On Fourth of July, I was walking the dog down a nearby street when this boy came out just past where someone had chalked “party” on the pavement with an arrow. There was no party now, just this kid about 10 years old with nothing to do. I had seen him before, remembered an awkward conversation about his missing model plane. He’s a loner, geeky with thick black glasses, possibly autistic. He has two sisters who are busy with their own lives, but I’m pretty sure he’s the only boy on the block.
Without asking, he joined us for our walk down the paved street on our way to the wilderness trail beyond. His speech was slow, coming in spurts, worked around his crooked front teeth. “Going for a walk, huh?”
He dodged nervously as Annie darted over to sniff him. “She’s big.”
“She is. But she won’t hurt you.”
“Is she gonna have puppies?”
I stared at him. What? “No. She’s been spayed. She had an operation. And she’s too old now anyway.” Suddenly the whole idea of taking away a dog’s ability to reproduce seemed ludicrous. Why would we do that? But he didn’t ask. He just said, “Oh.”
Annie paused to sniff a grass area where all the neighborhood dogs stopped to relieve themselves. The boy paused, too, then went on with us. It was nice having him along. I had been feeling especially lonely, this being another holiday I was spending by myself, my family too far away and my friends too busy with their kids and grandkids.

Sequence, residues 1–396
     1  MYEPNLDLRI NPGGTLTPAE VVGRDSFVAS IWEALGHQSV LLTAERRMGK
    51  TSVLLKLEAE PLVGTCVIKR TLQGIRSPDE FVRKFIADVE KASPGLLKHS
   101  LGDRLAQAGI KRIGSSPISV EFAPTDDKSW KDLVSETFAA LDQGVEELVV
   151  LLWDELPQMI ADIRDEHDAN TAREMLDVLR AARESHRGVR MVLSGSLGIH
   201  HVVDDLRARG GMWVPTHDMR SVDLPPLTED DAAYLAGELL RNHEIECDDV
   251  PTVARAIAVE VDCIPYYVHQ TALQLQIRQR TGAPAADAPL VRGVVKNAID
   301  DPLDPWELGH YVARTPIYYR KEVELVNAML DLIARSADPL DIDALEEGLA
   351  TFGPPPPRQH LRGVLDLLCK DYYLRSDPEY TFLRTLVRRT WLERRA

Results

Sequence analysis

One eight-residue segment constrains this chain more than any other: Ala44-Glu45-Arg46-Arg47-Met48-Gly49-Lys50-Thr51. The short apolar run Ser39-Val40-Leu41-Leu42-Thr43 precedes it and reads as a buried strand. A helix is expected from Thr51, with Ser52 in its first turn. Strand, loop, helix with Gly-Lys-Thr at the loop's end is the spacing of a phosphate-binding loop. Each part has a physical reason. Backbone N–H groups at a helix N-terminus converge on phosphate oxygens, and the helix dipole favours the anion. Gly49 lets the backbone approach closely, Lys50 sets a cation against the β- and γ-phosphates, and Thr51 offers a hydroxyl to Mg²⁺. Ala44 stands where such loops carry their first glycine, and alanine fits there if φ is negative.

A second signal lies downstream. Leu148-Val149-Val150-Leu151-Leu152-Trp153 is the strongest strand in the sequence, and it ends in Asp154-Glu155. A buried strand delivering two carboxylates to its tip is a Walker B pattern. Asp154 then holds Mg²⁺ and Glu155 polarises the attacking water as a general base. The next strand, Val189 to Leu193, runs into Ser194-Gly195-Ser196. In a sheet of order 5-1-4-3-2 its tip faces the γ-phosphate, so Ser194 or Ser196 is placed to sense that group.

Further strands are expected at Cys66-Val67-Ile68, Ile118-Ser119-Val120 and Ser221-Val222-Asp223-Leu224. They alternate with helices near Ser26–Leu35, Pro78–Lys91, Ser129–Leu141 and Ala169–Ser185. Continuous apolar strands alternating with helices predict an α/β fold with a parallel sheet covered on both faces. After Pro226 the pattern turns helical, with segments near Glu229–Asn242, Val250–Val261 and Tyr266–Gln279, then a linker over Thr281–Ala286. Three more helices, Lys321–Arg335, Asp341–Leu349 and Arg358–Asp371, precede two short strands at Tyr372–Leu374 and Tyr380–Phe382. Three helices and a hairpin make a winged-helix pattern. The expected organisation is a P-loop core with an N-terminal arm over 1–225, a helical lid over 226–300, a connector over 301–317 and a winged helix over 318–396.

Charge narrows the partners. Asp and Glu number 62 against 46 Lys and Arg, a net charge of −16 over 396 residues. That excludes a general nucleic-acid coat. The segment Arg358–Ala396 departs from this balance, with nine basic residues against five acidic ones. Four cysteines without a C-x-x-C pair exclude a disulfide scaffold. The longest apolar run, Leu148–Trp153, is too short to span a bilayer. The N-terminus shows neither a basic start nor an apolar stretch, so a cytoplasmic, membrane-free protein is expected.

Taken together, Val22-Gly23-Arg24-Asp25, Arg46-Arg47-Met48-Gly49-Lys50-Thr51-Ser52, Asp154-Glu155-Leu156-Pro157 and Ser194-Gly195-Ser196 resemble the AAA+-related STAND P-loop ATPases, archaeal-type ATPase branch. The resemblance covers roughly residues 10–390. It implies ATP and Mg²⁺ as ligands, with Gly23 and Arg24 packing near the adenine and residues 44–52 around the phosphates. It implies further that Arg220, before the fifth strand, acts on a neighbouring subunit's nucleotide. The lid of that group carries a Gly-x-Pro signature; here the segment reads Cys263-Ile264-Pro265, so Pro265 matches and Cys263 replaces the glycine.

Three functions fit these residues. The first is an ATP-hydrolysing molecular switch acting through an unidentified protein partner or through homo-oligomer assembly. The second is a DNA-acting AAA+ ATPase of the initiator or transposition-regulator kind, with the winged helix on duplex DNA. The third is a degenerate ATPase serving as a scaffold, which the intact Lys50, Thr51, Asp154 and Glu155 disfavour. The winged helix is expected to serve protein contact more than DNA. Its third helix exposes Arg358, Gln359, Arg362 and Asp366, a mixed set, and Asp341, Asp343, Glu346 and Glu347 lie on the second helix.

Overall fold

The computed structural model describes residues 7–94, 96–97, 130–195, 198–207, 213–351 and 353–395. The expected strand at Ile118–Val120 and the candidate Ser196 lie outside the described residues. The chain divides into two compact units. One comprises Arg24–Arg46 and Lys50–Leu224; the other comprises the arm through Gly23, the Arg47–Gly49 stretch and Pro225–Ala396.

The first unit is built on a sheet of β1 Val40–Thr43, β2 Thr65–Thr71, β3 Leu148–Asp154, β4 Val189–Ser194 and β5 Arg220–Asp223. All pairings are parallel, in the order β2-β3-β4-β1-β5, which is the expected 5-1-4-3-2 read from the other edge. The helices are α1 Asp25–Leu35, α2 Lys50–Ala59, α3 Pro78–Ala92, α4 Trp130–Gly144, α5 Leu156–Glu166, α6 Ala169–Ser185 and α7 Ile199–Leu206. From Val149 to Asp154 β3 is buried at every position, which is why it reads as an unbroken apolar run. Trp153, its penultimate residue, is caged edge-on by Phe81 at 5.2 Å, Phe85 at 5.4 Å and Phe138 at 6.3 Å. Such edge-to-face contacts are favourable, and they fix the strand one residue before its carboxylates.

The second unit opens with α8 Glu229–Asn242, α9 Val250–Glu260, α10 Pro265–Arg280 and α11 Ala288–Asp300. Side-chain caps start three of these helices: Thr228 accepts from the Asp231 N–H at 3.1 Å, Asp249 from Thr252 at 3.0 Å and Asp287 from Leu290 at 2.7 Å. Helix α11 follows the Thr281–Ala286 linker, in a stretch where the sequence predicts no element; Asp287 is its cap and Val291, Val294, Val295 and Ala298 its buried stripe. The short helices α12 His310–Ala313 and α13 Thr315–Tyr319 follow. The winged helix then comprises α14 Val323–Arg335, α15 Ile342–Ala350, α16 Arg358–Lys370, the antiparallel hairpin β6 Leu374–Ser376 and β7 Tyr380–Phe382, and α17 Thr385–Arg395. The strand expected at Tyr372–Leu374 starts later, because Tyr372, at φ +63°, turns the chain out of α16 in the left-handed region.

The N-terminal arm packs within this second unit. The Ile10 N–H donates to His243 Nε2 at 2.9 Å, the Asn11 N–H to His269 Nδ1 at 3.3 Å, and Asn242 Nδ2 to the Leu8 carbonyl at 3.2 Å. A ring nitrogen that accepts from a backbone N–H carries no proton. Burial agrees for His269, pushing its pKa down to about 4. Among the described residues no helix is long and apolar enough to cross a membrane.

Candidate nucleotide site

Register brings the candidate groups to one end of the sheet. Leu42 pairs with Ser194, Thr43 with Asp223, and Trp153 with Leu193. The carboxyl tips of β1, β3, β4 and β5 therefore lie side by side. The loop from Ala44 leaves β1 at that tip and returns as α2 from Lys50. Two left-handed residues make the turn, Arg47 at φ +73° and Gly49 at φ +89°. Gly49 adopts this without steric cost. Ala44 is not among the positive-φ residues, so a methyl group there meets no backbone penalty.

“Is it just you and her?” the boy asked.
I swallowed. How did he know? “Yes.”
“Oh.” No judgments. No “where is your husband?” or “why don’t you have kids?” He’s alone, I’m alone, just fact. He reached out shyly to pet Annie’s thick yellow fur.
“What’s your name?” I asked.
We walked on, Annie stopping between houses to pee.
“I know where there’s a trail.”
“Oh. I do, too.”
“I’ll run up ahead and show you.” He took off, streaking toward the end of the street to where the wild berries and Scotch broom have grown so thick you have to look hard to find the path.
“Is this your trail?”
“Yes. That’s it.”
He hesitated. “I’m not allowed to go past the end of the street.”
And with that we said goodbye. I heard Gavin’s shoes slapping the pavement as he ran home while Annie and I went on along the trail marked with the footprints of deer, dogs and tennis shoes, feeling much less lonely.
My dear childless friends, there are children who would love to hang out with you if you let them. Don’t give up.
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